When it comes to marketing strategy in general and paid media strategy in particular, many companies are over-indexed in low-funnel investment. Given their proximity to the point of conversion, it’s easier for companies to draw a direct line from investment in these tactics to tangible returns. The truth is, that’s always been short lived in its effectiveness. Without investing in activity that feeds the funnel by introducing unaware audiences to your brand, the volume of those who make it to the bottom will dwindle over time. As new consumer data privacy regulations change the way success is defined and performance is measured, building the kinds of consumer relationships that drive long-term growth will take on renewed importance. Implementing full-funnel marketing strategies with content that attracts and engages customers throughout the customer journey rather than an overreliance on low-funnel paid media tactics will help companies maximize audience reach and create momentum throughout the funnel.
Moving Beyond a One-size-fits-all Customer Experience
According to a BCG and Google joint survey on consumer privacy and preferences, consumers are interested in the benefits that come from marketers’ ability to deliver a data-informed experience, like personalized content and increased content relevance. But consumer willingness to provide the data needed to create those benefits vary greatly by segment based on the kind of data being sought and consumers’ perceptions about how it will be used. Rewards programs, loyalty points, discounts, VIP programs, and content gating can help companies create the kind of value that consumers want to see in exchange for their data. But the research indicates that a one-size-fits-all approach won’t be effective. Companies that invest in understanding their audiences, segmenting them effectively, and creating segment-specific experiences will be better equipped to create value and inspire trust among their customers.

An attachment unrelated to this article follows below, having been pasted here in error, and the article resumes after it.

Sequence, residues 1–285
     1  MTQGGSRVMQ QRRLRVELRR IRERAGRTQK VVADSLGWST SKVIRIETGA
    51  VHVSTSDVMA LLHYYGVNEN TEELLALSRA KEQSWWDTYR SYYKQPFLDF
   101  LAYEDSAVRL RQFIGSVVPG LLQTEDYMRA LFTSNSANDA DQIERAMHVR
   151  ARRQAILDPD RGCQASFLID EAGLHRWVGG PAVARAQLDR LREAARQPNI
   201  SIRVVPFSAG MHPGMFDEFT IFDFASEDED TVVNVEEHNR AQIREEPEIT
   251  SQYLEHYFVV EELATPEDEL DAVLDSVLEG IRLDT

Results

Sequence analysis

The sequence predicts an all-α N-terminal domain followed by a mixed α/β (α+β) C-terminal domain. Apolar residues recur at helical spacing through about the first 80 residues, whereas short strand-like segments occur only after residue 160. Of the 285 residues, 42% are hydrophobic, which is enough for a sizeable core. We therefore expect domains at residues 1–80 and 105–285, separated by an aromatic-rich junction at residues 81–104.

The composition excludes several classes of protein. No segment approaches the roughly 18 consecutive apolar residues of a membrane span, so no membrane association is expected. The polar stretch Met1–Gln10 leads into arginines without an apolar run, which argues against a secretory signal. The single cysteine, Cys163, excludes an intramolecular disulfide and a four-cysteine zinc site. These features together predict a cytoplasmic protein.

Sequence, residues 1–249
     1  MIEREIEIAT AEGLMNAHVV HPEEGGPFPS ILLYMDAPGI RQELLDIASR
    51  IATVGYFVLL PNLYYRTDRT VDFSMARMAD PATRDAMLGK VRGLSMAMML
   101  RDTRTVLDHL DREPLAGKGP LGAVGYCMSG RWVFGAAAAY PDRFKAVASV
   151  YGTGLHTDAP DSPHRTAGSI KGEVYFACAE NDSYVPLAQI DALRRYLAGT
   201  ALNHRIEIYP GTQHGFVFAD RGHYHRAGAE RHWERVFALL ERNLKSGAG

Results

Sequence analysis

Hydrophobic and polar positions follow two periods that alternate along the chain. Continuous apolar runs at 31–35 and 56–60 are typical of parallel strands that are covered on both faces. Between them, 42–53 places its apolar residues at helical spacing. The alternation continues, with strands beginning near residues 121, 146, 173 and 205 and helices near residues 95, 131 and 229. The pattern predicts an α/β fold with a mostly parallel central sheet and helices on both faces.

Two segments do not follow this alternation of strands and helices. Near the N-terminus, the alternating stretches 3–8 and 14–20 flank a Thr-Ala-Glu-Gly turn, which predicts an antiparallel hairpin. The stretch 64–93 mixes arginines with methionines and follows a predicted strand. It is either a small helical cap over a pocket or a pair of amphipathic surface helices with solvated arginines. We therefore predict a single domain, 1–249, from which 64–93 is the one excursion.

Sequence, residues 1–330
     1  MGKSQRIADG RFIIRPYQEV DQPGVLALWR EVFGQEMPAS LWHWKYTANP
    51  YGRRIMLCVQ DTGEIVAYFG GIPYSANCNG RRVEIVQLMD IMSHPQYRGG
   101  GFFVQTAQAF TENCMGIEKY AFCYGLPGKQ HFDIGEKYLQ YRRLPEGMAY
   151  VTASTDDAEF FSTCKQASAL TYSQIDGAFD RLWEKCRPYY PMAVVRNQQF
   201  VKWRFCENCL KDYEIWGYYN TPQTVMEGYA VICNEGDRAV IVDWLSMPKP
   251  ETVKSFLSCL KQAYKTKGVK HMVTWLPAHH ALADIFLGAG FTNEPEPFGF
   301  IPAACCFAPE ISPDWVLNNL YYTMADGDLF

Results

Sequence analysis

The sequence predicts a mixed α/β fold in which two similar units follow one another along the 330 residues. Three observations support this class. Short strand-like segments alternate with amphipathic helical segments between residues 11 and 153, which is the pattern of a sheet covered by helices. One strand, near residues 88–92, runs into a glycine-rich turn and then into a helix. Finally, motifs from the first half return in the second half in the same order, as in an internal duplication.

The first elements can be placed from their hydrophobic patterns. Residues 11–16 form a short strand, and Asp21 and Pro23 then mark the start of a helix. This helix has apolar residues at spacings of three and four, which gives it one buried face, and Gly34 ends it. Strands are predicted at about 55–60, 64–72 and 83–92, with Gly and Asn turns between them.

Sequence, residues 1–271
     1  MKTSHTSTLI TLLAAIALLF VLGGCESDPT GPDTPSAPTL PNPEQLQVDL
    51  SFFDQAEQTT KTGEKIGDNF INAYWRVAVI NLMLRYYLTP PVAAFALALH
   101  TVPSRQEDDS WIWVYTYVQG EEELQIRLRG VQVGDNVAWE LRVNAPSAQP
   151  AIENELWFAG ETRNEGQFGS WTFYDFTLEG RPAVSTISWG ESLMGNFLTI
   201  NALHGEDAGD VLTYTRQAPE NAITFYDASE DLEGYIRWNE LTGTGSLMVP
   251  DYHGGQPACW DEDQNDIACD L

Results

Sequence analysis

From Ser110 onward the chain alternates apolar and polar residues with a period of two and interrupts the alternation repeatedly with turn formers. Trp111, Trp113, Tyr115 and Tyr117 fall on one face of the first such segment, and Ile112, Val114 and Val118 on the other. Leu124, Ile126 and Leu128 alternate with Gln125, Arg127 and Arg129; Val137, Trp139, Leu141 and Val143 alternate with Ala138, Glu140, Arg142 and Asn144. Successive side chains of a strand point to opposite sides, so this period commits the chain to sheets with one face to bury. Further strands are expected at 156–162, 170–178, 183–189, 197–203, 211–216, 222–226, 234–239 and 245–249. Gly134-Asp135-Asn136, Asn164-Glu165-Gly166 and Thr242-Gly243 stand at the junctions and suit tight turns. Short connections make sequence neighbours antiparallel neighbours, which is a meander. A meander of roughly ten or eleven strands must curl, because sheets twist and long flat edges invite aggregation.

What Is Your Strategy for Data Privacy, Now and in the Future?
The kinds of monumental shifts we’re seeing driven by an evolving consumer data privacy regulation landscape present an opportunity for forward-thinking brands to advance businesses. While ensuring you have an effective, compliant data platform implemented in time to avoid data loss as Google sunsets Universal Analytics is a critical immediate move, this is a great time to explore your overall strategy for data privacy and measurement along the journey of your customers or users. And if you aren’t clear on the current or ideal journey to drive acquisition, engagement, and loyalty, now is the time to prioritize that discovery work. All to say, this is an opportunity not just to migrate today, but to position your company to advance and transform for tomorrow. If you’re looking for immediate GA4 migration support or you’re interested in transforming your CX to be more consumer-centric and first-party data-driven, contact us today.